Dobey had insisted that Starsky leave the hospital the morning after the serum was administered to Hutch. As soon as Hutch started to turn the corner, Dobey declared that if Starsky didn’t go get some sleep, he was going to have him thrown in lockup to force him into it. Under protest, and with the promise that the captain would call him if Hutch’s condition worsened, he left. Dobey thought he’d gone home. Many hours later, the captain called and asked Huggy to come and stay at the hospital so that he could go home for dinner and to see his family for what felt like the first time in several days. He didn’t want to call Starsky and risk waking him.
“When did you see him?” he asked the child. Rosie and her brother Cal both had a day home from school while their district’s teachers had a conference. She was there when the weary detective came knocking on the door at ten o’clock. A typical teen, Cal was upstairs sleeping when Starsky arrived.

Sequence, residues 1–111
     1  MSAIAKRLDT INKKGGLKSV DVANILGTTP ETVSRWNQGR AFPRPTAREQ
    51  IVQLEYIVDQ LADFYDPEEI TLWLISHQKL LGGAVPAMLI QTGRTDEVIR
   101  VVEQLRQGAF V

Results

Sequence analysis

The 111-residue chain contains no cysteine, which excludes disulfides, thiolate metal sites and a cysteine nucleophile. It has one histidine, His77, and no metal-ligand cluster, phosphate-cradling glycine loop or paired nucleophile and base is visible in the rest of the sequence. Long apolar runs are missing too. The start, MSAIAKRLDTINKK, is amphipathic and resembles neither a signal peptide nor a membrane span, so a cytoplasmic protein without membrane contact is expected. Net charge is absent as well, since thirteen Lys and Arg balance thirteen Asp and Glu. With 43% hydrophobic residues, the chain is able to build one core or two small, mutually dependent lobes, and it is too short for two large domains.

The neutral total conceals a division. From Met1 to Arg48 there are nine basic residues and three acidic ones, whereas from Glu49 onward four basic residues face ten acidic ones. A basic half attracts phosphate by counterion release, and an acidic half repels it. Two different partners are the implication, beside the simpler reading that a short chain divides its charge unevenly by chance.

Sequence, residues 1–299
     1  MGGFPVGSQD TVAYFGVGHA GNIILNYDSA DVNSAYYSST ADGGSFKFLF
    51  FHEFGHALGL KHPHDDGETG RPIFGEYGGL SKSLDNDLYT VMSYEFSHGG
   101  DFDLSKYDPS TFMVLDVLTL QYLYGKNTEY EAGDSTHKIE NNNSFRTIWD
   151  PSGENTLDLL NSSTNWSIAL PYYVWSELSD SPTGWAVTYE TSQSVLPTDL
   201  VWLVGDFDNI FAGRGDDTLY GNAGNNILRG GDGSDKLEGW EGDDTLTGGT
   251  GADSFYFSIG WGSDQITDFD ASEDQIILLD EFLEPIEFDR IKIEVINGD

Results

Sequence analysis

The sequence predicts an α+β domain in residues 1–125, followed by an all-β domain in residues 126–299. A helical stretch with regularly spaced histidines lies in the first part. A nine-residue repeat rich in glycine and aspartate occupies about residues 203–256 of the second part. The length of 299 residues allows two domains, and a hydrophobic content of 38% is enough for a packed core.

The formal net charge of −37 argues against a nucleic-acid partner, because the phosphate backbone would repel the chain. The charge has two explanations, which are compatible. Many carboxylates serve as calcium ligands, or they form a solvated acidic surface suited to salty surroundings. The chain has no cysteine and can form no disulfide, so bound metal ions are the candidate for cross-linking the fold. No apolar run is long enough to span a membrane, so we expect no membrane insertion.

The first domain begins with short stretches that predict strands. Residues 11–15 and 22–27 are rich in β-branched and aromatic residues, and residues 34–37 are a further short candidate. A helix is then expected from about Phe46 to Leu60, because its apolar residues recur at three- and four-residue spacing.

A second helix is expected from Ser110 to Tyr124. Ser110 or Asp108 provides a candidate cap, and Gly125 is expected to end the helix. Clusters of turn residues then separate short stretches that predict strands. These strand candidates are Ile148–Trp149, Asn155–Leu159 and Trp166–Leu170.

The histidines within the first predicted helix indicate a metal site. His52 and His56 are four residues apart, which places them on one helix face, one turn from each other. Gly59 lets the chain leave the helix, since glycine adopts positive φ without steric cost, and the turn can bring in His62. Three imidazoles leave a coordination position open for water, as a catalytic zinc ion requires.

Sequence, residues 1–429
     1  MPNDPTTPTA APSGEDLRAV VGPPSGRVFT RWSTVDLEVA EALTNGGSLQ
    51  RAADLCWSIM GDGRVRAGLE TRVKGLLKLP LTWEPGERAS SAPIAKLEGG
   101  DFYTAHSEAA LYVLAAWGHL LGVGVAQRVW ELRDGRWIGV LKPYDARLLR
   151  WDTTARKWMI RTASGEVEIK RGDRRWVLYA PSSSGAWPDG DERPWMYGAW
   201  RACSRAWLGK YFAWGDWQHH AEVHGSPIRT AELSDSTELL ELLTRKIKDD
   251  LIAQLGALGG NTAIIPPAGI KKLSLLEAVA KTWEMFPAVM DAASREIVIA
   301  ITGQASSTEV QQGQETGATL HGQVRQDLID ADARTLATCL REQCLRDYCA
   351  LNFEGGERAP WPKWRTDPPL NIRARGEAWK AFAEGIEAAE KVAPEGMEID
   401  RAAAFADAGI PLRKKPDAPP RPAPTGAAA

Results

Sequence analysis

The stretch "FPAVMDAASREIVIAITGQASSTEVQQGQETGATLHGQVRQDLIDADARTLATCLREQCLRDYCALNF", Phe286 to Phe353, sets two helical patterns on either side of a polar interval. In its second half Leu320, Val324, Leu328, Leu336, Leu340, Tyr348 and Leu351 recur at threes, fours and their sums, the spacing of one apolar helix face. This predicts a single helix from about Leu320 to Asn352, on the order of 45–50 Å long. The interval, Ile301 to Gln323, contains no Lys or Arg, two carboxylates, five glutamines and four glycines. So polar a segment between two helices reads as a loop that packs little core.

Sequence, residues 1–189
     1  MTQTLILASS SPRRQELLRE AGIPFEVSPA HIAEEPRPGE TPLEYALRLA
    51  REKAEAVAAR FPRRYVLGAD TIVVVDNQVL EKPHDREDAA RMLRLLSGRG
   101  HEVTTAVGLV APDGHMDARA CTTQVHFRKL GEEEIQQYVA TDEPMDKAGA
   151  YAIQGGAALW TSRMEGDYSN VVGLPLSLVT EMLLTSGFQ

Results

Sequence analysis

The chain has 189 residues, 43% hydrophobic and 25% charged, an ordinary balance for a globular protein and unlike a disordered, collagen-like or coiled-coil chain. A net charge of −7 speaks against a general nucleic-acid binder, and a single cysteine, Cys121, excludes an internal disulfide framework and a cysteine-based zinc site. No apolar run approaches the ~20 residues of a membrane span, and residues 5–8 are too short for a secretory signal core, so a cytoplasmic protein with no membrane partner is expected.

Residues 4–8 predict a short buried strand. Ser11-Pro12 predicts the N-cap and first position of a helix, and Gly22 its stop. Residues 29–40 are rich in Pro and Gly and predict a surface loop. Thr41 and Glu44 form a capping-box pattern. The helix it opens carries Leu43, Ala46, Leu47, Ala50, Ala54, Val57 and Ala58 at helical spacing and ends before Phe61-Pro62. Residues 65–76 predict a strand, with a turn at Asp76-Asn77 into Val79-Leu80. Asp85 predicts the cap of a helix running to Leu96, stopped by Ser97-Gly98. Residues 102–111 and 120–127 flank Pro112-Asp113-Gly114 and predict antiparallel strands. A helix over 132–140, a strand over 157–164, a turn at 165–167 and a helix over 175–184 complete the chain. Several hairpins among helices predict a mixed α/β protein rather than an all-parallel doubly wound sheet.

At that moment, Edith walked into the living room and answered his question. “He’s here,” she said quietly.
“Here?” Dobey asked.
“Sleeping in the guest room. Rosie, why don’t you work on your picture while I talk to your father and finish dinner?”
“Okay, Mommy,” she answered, sliding off her father’s lap.
Before he joined his wife in the kitchen, Captain Dobey peeked in on the sleeping man in his guest room. Starsky’s blue sneakers lay on the floor beneath the bed where Edith had pulled them off and dropped them. His jacket and empty holster were in the chair. Edith had covered him with a quilt from the closet. Dobey softly closed the door.
“What happened?” he asked his wife as he crossed the kitchen and gave her a kiss.
“He showed up here at around ten, Harold. He was so tired, I was worried about him driving. I asked him to stay, but he said he’d rather go home. He agreed to drink a cup of coffee before he left.” Edith continued relating the story of how David Starsky came to be sleeping in their guest room.
“Thanks, Edith. I’m sorry, I...” Starsky paused and took a deep breath before he continued. His eyes closed and he shook off a shiver. “I just didn’t want to go home yet. Damn, this was close, Edith. I... I don’t know if I made it in time.”